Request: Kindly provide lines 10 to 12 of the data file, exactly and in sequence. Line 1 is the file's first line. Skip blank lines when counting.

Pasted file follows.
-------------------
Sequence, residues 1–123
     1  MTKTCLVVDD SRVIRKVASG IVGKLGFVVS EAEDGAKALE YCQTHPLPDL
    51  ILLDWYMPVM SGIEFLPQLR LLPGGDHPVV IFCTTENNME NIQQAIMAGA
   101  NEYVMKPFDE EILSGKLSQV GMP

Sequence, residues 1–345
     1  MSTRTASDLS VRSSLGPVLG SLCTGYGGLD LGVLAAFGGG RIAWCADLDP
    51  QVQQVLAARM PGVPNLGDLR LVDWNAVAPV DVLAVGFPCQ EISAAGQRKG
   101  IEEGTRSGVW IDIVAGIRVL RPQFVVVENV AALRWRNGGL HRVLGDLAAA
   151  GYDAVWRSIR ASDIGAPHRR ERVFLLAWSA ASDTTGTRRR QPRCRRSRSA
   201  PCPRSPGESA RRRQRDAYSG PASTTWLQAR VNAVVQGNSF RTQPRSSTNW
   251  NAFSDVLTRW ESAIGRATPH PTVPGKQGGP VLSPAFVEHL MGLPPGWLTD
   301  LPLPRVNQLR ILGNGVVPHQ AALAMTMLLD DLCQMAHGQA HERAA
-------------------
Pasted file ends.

   201  PCPRSPGESA RRRQRDAYSG PASTTWLQAR VNAVVQGNSF RTQPRSSTNW
   251  NAFSDVLTRW ESAIGRATPH PTVPGKQGGP VLSPAFVEHL MGLPPGWLTD
   301  LPLPRVNQLR ILGNGVVPHQ AALAMTMLLD DLCQMAHGQA HERAA